This scenario is near and dear to many of us at FDL in the condition and character of the Obama administration. A campaign clearly run on progressive ideals. There were even choice historical quotes from Obama’s earliest political career points that attempted to give credibility to his purported progressive ideals. The result? He’s ushered into office on a message to the public that could not possibly be more betrayed by his administration’s actions since.
However, it’s important to note that this bait-and-switch isn’t unique to Democrats and liberals. There were many disaffected conservatives and Republicans who voted for George W. Bush on the pretense of his being anti-nation building, fiscally conservative, compassionate conservative. They felt as betrayed by Bush as much as many on the left feel betrayed by Obama. Further, we fully expect this betrayal in some cases for ourselves, but almost unanimously when admonishing the opposition. How many times have you read disparaging commentary about how the Tea Party candidates are just the GOP dressed up in an astroturf campaign, and that the Tea Party followers are being lied to by the leadership about the perpetrators of the conditions which fuel their populist rage?
The whole thing, all of it, is predicated on a con. We all know too well just how much of political action is made up by cynical ploys and plays on public ignorance, faith, goodwill and hope. The con is endemic.
Your only real means of “winning” is not to play the game. Now I don’t mean this to say that you shouldn’t vote. Go right ahead and cast your vote. Just do so with the knowledge that you’re effectively playing roulette when you cast it for a would-be politician. You’re casting it for their personality, their incentives, their self-interest, their handling of peer pressure, their whims of careerism, etc. etc. etc. This is why even for a seemingly standup guy like Senator Feingold, a person can make the claim that he’s a stalwart supporter of civil-liberties in the Senate, and others can claim that he really just takes safe protest votes, but caves when it counts. Given the evidence they’re both perfectly valid arguments to make, and you can’t know which is true, because you’re not Senator Feingold.
The question to ask yourself is, “Why do you even have to care what Russ Feingold says and does?” (or any other politician for that matter)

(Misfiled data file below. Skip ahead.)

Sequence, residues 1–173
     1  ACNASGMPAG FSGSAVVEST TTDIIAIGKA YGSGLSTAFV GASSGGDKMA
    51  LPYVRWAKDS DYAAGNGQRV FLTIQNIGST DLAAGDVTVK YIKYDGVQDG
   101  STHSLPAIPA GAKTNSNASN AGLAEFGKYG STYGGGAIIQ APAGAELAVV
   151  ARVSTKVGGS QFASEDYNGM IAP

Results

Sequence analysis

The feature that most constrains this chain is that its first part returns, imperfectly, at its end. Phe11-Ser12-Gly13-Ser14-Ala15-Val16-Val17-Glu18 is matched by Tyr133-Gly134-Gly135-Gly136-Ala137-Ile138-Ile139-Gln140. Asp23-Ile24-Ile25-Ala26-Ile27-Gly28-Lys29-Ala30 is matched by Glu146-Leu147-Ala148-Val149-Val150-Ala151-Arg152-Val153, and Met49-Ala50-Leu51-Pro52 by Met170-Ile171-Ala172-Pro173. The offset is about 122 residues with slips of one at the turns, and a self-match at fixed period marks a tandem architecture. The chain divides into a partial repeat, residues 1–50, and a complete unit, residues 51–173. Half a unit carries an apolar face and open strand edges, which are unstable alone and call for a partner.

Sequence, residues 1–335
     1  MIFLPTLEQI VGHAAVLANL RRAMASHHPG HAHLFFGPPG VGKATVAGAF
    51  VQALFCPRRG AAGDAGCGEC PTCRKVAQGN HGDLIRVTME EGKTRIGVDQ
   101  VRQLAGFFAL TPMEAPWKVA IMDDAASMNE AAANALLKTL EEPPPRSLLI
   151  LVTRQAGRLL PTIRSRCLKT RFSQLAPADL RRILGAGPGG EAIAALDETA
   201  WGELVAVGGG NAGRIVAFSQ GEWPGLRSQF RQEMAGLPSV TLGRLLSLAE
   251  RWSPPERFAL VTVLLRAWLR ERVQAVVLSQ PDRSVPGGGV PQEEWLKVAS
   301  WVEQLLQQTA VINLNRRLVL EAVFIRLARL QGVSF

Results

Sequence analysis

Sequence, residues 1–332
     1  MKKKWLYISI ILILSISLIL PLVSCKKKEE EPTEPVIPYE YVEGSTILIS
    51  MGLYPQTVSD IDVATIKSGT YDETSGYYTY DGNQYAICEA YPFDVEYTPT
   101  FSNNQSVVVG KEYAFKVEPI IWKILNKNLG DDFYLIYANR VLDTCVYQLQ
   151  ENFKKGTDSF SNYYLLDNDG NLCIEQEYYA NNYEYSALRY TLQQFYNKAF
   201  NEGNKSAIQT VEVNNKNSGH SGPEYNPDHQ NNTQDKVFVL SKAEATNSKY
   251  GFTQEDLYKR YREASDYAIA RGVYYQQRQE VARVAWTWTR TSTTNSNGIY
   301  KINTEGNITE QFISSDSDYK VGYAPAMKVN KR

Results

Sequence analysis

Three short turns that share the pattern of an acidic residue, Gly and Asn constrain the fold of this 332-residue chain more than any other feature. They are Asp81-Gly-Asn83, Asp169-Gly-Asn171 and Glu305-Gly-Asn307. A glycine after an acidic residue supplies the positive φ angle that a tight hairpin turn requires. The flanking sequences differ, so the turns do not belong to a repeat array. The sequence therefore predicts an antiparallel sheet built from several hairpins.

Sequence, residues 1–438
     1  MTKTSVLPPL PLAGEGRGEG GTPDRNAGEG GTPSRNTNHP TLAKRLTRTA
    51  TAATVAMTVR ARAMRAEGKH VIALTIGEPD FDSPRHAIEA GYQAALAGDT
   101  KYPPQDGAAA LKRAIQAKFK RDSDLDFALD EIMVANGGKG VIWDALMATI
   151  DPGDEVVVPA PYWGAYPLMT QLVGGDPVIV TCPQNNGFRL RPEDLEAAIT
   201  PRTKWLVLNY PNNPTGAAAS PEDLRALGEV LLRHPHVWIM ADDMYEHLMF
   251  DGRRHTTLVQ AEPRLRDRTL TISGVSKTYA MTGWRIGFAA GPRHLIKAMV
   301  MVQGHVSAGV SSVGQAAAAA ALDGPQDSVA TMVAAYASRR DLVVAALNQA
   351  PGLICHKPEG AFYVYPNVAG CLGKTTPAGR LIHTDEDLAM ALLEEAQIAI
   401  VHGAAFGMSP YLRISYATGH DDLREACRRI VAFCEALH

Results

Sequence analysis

The FDL movement behind JustSayNow is an excellent example of how you can stop playing a game you can’t make a strategy for winning, and start playing one that you can. This is what it’s about people. Making choices for policies, not promises. Putting your time, your energy, and your money into a specific cause, not a personality or guessing at the principles of a total stranger.
You can look at the proposal of Prop 19 today, you can look at the language, you can make a direct decision whether or not you want to support that specific piece of citizen legislation. You get to decide for yourself, and cast your vote accordingly. You’re not left just selecting a surrogate with their own interests, flaws, and incentives to draw up some law, pass it amongst their friends in the capitol, and foist it onto you without your direct consent. So you throw them out for passing it? You’re already subject to the law, and there’s no guarantee their replacement will do any different.
There’s a lot of talk and tribulation about how to arrest control of our government back from the egomaniacs, the narcissists, and the careerists who fill its ranks today. The answer to that is more, and more, and more JustSayNow’s. There are 22 states in this union that have popular initiative and referendum mechanisms. There are two more that have popular initiative mechanisms only to amend their state constitution, and an additional three that provide popular referendums. That’s where change is going to come from. D.C. isn’t going to get any better. If we want popular reforms, then we need to use popular means to get them.
Politicians are just distractions from the issues, so dump them, and go straight to the source. Make your own policies. Make your own proposals. Put them on the ballot. Make your state the one you want to live in. Play a game you can actually build a strategy to win.